Filipino club offers insight to their culture

The Pilipinos for Education Art Culture and Empowerment (P.E.A.C.E.) Club held an open house at the Student Union building on Sept. 9, 2012. Students introduced themselves, exchanged summer vacation stories, and shared their City College experiences with one another during the open house. Photo by Shane Menez/The Guardsman
By Ivan Huang
The Guardsman
Clap! Stomp! Clap! were the sounds heard coming from the Student Union at Ocean campus as the members of P.E.A.C.E. warmed up with a traditional Filipino ritual called “Isang Bagsak.”The ritual involves clapping and stomping at the same pace.The student club held an open house on Sept. 7 in the upper lounge of the Student Union.Armando Borjal, who has been a member of the club since 2003, said that the club and open house are meant to educate people so they know what Filipino culture is all about.

“The reason why we’re having an open house is to have some members join P.E.A.C.E.,” Borjal said.

P.E.A.C.E., which stands for Pilipinos for Education, Art, Culture, and Empowerment, is a club primarily consisting of Filipino-Americans who attend City College.

It’s focused on Filipino culture and community, as well as volunteering for events hosted by club members.

The club was founded in 1998 when three Filipino students held discussions for an Asian American Studies course. The discussions later extended into serious talks about the Filipino community.

“We have connections with the FCC, which is the Filipino Community Center in the Excelsior, and we usually plan events with them or they have events that they let us know about,” President Kirsten Santiago said.

Some past events include “Shirt the kids”, a collaboration with an apparel designer to donate shirts to kids in the Philippines, as well as food related events.

The club plans on holding a basketball tournament as one of its events and is also planning fundraisers for the near future.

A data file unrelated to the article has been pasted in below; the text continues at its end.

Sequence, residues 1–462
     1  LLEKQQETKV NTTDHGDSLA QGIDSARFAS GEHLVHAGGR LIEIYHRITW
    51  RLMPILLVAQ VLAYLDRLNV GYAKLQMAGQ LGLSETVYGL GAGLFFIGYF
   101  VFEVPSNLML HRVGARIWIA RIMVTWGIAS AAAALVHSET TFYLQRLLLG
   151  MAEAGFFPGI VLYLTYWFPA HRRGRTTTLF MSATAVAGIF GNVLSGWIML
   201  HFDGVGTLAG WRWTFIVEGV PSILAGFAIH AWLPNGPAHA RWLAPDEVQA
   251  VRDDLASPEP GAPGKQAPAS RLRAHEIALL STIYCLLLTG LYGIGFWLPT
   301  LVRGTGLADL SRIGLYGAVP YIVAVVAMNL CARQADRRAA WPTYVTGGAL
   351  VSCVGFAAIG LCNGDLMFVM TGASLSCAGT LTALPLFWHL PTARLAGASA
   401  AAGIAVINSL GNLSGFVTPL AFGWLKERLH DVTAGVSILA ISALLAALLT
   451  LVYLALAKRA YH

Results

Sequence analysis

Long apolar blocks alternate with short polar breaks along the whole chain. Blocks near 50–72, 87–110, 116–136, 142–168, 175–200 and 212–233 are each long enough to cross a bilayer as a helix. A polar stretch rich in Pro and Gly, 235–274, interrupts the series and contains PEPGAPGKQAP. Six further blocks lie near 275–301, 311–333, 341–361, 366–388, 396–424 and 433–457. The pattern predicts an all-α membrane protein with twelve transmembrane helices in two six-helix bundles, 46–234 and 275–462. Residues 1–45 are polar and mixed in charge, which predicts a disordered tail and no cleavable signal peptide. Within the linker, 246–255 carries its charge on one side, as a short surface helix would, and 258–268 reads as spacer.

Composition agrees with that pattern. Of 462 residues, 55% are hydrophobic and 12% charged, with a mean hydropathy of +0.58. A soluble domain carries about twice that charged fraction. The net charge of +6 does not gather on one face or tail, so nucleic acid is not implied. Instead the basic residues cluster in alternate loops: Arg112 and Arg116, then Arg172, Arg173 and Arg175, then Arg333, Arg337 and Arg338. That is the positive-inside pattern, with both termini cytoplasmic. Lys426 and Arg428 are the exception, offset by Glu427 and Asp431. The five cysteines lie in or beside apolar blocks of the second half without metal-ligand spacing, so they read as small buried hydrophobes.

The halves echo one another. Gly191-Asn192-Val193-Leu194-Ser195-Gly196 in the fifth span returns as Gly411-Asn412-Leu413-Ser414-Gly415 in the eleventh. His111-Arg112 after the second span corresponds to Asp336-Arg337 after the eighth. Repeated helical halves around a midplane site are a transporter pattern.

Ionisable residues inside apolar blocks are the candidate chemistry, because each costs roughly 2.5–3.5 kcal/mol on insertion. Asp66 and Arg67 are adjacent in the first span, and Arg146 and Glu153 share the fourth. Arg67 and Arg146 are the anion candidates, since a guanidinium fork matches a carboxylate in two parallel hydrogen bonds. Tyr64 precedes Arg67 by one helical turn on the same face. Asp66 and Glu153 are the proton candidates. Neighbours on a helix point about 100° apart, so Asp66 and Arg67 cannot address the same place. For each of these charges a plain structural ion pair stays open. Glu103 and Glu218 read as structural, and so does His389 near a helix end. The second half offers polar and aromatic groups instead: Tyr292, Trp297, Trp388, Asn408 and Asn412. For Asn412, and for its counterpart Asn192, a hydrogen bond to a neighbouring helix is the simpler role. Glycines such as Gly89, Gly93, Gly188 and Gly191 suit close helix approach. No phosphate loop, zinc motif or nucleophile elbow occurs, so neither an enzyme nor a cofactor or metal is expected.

The open house included newcomers and returning members of P.E.A.C.E. who talked about how their semesters were going so far.

“What we usually do is introduce ourselves and say how our week went, have an ice breaker, and then we start checking back at events that P.E.A.C.E. was involved in the previous week, or even upcoming events,” Borjal said.

The members of P.E.A.C.E. displayed a lot of chemistry with each other while participating in introductory activities.

“My favorite part of this club is the community, everyone’s friendly, and very welcoming, everyone always treats each other like they’ve known each other a while, even when they’re new,” Santiago said.

Their open-mindedness has to do with the way Filipinos are raised.

“Our culture is very attached and family oriented. Once you become part of it, you don’t have to go through some initiation or something like that, in order to be part of it,” Alain Yu, events assistant, said. “We’re not a frat, we’re a family. We don’t do hazing. We may joke around but only as if we’re brothers and sisters.”

“You don’t have to be Filipino to be part of this club,” Yu said. He has been a member of P.E.A.C.E. for two semesters.

P.E.A.C.E. holds their general meetings from 12:30 p.m. to 2:30 p.m. on Fridays at the Student Union in Conference Room 208 on Ocean campus.

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